Experts have warned that sanitising hands too frequently can actually raise the risk of infection as doing so breaks down the skin’s natural protective barrier.
The Covid-19 outbreak has brought about a heightened sense of urgency with regard to combating the spread of pathogens. This, in turn, has lead to the hoarding of disinfecting products such as alcohol, anti-bacterial wipes, and hand sanitisers. However, in the wake of the significant increase of the use of these products, health experts are now warning that disinfecting the hands with sanitiser too often can make one more likely to be at-risk of infection due to skin problems.
According to a recent article by the Japan Times, the hands contain harmless bacteria which are actually responsible for fighting off certain pathogens, which is why the excessive disinfecting of the hands can weaken the natural barrier against diseases.
Aside from this, products such as alcohol and hand-sanitisers can cause the hands to become rough, as the disinfectants break down the skin’s natural oil and water barriers. Furthermore, the chemicals within these products can potentially cause skin irritations. Because interfering too much with the skin’s natural barrier can increase its vulnerability, a representative from Kao Corp., a chemical and cosmetics company, has said that it is better to wash hands with soap and water.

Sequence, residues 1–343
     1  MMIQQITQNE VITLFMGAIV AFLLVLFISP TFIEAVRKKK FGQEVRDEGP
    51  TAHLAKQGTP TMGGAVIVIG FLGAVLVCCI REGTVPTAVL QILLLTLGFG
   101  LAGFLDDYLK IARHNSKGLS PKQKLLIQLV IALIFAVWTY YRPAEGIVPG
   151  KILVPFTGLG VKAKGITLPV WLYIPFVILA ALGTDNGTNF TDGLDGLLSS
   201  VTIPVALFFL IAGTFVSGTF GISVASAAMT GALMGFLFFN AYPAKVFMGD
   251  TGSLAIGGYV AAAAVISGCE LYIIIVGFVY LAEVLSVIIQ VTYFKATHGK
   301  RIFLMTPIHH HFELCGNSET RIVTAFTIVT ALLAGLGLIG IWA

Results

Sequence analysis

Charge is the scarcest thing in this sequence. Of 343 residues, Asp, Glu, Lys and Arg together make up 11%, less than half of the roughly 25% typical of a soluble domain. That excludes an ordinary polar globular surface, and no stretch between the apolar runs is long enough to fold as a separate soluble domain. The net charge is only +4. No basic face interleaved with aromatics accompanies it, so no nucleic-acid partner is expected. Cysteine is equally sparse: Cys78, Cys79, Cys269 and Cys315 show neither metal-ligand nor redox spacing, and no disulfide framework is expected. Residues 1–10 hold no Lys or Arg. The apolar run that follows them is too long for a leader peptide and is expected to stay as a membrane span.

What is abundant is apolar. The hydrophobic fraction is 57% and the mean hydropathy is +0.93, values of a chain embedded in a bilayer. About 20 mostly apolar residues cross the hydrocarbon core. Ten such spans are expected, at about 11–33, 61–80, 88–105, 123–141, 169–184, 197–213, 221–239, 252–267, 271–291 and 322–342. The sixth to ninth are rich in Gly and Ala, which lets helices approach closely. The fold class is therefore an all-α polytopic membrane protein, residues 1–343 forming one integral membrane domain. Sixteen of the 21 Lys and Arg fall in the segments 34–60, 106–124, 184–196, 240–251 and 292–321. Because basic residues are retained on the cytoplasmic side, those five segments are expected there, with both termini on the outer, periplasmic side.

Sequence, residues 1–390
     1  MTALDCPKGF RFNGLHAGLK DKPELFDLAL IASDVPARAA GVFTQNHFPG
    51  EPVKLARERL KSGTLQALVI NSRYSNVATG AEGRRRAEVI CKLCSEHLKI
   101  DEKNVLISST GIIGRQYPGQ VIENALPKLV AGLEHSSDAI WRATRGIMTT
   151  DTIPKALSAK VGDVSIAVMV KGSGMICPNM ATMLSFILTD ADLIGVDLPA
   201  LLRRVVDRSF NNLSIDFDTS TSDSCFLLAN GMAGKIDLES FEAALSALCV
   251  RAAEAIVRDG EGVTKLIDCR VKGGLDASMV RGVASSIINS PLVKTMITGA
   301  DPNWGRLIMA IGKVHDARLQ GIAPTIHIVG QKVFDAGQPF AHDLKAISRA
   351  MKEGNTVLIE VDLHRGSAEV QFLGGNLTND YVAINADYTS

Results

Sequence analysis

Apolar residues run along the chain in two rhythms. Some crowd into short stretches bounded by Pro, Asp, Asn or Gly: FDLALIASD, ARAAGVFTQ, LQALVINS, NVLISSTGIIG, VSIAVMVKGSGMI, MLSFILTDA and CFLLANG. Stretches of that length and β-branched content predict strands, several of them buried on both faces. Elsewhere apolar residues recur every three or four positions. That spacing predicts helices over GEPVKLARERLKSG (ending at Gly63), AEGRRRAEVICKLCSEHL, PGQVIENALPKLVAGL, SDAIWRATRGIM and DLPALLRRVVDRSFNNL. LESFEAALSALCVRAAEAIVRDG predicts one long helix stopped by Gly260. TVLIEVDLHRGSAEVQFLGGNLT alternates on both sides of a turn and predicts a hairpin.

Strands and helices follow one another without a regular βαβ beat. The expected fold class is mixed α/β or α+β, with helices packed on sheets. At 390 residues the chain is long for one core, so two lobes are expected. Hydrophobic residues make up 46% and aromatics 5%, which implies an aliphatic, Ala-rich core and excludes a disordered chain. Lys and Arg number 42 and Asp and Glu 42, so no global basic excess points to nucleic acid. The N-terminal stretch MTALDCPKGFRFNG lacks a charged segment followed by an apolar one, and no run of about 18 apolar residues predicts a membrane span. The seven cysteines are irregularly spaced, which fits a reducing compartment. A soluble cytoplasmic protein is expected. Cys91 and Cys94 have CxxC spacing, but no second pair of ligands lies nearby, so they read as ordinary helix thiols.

“Dry and damaged skin could become a hotbed of disease bacteria and also increase the risk of viruses entering the body through cuts in the skin,” she said. “To prevent infection, it is much more important to wash hands with a moderate amount of soap for more than 30 seconds in an effective manner than to wash hands several times a day.”
The spokeswoman also stressed the importance of drying hands with a clean towel or a paper towel as it is easier for bacteria to fasten onto wet hands. She also urged people to use a moisturiser in order to fortify the protective natural barrier of the skin.
However, according to a report by Metro.co.uk, Young LDN aesthetician Sara Waterman pointed out that though there are downsides to using hand sanitisers, given the solemnity of the Covid-19 pandemic, it is still safer to use them than to risk getting infected with the novel coronavirus.
Ms Waterman suggested the use of hand cream as a means to thwart the negative side-effects of the frequent use of sanitiser, as such a nourishing product could aid in the maintenance of the skin’s natural moisture.
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